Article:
Editor’s Note: Even before the COVID-19 pandemic, there has been an undercurrent of growing tech adoption in India. Now in the post-COVID-19 era, the trend has been accelerated in the world’s second-most-populous country. Tech startups, eyeing the potential in a largely untapped and vast market, have kick-started their 2.0 strategy—to expand beyond metro cities. This is a ripe time for tech companies to tap the next 500 million internet users who have warmed up to tech-enabled services in sectors such as entertainment and e-commerce. We, at KrASIA, through our new column—Tales from India’s Towns—would keep an eye on how technology affects the lives of people in lower-tier and rural areas.
From an old, dilapidated building in Patparganj, an industrial area in New Delhi, the capital city of India, the husband and wife duo, C M Goel and Sujata Goel, in their 50s, have been operating a local brand of lingerie products, which the couple claims has become an alternate option for buyers in India’s smaller cities who don’t want to spend money on branded products.
Goels told KrASIA that because they focused heavily on selling their products through e-commerce platforms such as Flipkart, Snapdeal, and Amazon, they were able to make a mark in non-metro cities. However, he said, it was Snapdeal that really escalated their reach to customers in tier 2 and 3 cities.
“While we are present on all the e-commerce platforms, over 80% of orders come via Snapdeal of which almost all of them are from smaller cities across the country,” C M Goel, co-founder, Kamatri Corporation, told KrASIA.
If Snapdeal is to be believed, Goel is not the only online seller who leverages its online platform—website and mobile app—to get customers from smaller cities, colloquially known as Bharat. According to the company, buyers from more than 3,700 towns across India—accounting for 92% of India’s total 4,000 towns and cities—shop on Snapdeal.
Last year was an exceptional one for online companies, especially the consumer-facing businesses as they saw unexpected growth, both in terms of adding buyers as well as sellers on the platform. The pandemic, Snapdeal said, has ensured more sellers adopt selling through online channels as people for the best part of the year tried not to venture out for shopping and purchased almost everything online.
Snapdeal told KrASIA that the growth that it expected to see in three years were achieved in just six months of 2020. The company added over 6 million new customers between April and October last year.
Coming out of the woods
For the decade-old online marketplace, things started to go south when Amazon entered India in 2012 and intensified the competition in the e-commerce space which till then had only two major players—Flipkart and Snapdeal. According to an estimate by local media Economic Times, the SoftBank and Alibaba-backed firm lost 20% market share between March 2015 and March 2016. By the end of 2016, the company was on the verge of bankruptcy.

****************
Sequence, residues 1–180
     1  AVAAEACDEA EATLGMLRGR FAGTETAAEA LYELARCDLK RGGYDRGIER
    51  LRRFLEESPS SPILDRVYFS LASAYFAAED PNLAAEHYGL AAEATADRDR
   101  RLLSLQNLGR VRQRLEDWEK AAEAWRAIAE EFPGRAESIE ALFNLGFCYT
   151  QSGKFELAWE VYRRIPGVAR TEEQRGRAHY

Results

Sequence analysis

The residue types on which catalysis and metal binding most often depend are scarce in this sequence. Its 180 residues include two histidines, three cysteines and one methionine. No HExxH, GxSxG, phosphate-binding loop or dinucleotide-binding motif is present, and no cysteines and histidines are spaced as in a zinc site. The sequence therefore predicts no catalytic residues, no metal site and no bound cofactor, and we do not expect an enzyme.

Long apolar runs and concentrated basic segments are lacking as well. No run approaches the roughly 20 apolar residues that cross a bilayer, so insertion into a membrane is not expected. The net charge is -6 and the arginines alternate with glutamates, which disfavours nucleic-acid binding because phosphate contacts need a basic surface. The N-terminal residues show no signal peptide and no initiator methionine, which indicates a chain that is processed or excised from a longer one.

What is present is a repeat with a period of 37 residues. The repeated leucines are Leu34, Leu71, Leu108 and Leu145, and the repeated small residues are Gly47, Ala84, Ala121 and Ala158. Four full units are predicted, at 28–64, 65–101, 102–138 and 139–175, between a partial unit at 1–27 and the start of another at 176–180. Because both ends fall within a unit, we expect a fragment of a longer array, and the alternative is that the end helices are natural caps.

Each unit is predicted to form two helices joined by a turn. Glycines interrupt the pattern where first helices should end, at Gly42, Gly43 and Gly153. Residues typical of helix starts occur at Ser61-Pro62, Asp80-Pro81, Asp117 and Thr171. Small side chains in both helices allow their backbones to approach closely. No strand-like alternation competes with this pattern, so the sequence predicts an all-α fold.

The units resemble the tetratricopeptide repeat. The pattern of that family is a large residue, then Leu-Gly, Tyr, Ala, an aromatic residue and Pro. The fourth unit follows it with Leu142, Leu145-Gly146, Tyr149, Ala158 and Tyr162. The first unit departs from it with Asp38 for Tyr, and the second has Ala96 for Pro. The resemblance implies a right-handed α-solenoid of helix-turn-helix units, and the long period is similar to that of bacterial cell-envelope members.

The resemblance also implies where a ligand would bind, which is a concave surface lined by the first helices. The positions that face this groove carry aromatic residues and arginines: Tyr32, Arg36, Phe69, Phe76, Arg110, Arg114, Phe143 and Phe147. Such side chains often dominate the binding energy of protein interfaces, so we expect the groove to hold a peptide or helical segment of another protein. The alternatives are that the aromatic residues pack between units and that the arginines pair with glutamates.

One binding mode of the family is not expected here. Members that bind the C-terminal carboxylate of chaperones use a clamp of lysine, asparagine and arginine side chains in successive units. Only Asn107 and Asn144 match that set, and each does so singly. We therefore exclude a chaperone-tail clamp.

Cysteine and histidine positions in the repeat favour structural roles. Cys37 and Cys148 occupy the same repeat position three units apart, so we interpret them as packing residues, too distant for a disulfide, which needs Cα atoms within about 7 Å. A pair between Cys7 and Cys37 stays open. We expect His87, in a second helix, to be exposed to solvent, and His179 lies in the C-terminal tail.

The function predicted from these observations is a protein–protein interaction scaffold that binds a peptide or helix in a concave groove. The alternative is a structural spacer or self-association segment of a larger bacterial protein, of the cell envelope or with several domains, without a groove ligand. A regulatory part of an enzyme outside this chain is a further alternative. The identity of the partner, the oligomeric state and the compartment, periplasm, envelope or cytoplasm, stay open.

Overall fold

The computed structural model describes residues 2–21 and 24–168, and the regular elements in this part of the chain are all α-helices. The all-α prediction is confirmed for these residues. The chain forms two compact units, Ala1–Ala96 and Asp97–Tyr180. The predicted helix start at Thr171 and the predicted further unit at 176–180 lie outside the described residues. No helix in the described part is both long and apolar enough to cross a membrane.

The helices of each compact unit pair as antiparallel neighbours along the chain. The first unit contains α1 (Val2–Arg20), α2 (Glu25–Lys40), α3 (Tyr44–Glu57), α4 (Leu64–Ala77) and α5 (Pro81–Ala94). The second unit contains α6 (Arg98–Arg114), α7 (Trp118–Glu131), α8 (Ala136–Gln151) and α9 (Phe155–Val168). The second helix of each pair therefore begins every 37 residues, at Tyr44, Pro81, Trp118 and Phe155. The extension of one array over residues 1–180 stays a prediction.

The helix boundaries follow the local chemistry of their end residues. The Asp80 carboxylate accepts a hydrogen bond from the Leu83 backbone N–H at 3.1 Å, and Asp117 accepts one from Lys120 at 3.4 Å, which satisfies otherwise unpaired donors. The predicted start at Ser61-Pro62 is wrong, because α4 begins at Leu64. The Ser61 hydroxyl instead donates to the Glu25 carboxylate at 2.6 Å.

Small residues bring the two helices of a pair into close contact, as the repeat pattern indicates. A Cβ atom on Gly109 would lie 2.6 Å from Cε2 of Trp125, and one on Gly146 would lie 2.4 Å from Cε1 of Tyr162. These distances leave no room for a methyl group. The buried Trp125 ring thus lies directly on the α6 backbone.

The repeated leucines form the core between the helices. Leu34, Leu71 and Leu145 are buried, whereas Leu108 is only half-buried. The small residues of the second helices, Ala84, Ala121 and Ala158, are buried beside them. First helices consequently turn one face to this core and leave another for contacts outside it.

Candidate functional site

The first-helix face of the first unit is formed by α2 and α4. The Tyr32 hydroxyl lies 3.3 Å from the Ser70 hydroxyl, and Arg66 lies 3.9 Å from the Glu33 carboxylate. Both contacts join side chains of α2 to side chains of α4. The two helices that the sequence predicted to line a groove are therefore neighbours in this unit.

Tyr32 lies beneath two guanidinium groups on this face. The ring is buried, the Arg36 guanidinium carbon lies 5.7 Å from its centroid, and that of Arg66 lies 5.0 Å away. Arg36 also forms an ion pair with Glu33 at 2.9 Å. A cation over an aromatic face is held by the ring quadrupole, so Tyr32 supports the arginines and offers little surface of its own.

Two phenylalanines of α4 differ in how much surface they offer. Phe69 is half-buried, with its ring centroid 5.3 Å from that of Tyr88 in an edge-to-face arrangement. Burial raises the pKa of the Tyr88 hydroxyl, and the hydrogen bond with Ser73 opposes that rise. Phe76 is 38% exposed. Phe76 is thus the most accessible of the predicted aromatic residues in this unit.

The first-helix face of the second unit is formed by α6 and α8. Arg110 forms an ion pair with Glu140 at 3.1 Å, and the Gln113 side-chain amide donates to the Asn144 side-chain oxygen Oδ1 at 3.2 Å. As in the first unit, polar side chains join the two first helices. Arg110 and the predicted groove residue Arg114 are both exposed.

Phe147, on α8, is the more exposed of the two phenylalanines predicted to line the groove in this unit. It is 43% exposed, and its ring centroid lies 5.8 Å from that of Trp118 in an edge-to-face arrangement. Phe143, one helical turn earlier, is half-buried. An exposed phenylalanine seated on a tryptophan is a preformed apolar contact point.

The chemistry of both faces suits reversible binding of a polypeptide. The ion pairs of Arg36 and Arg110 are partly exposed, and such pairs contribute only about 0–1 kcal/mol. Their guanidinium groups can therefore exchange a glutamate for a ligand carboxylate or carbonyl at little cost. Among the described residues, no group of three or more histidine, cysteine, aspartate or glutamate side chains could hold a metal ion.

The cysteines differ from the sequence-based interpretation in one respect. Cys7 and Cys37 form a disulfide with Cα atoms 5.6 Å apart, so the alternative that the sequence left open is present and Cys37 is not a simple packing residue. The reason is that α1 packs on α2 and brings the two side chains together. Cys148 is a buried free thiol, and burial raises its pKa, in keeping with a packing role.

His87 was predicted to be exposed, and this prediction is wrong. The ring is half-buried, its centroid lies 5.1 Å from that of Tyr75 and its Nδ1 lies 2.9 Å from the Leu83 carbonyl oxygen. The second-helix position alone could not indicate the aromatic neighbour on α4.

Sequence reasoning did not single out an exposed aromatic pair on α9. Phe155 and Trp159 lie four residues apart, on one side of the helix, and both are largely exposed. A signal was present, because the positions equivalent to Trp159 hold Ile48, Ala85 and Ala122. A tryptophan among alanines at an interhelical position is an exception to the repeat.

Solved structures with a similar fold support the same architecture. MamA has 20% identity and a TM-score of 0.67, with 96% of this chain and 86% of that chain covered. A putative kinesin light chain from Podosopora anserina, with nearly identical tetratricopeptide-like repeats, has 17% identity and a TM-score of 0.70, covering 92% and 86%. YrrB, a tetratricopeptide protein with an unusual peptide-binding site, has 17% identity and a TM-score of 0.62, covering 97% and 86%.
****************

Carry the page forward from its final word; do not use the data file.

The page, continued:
In 2017, in a desperate move, Snapdeal held a seven-month-long discussion with its rival Flipkart about an acquisition. The discussion ended up with Snapdeal walking out of the deal because the firms couldn’t agree on the acquisition bid. In retrospect, Snapdeal’s co-founders Kunal Bahl and Rohit Bansal couldn’t be happier about making that decision.
Left with just a few months of runway in the bank, the company within a year made a total turn-around as it not only posted a revenue growth of 73% in the financial year 2018-19, it reduced its losses by 71%.
The reason the company managed to pull this off is because its founders, Bahl and Bansal, didn’t hesitate when to take extreme measures when met with a do or die situation. In July 2017, the duo sold Freecharge, a digital wallet company it had bought in 2015 for USD 400 million, at a 90% discount to Axis Bank.
Through thick and thin, the company spent the last four years staging a comeback, that involved letting go of non-core businesses like Freecharge, focusing on unit economics, and acting on the foresight of targeting non-metro cities in the hopes that it will get them early access to the new set of customers.
“Rohit and I decided we don’t have to go after everything. We decided to target parts of the market where we think we have a unique set of offerings as a company to dominate and then build a lot of other capabilities on top of it to serve buyers and sellers in those markets,” Bahl, co-founder and CEO of Snapdeal, told KrASIA.
“Between 2017 – 2020, we have cut costs by more than 94%. We are one of the few select companies where our loss is very small and is only a fraction of our revenues,” he added.
That was not a normal feat to achieve, especially at the time when its competitors were busy burning investors’ money on discounts for hyper growth. In its new avatar, which the company calls Snapdeal 2.0, it decided it will not indulge in discounts, free delivery, and cashback to acquire users. It wanted to quickly set its unit economics right and not look back.
“We noticed that in the industry our peers just wanted to acquire customers even if it meant losing money. We believe customers would buy from you as long as it’s cheap and are getting all the incentives. But the moment those incentives are taken away they will be gone as well. We want to build a lasting and enduring relationship with customers,” Bahl said.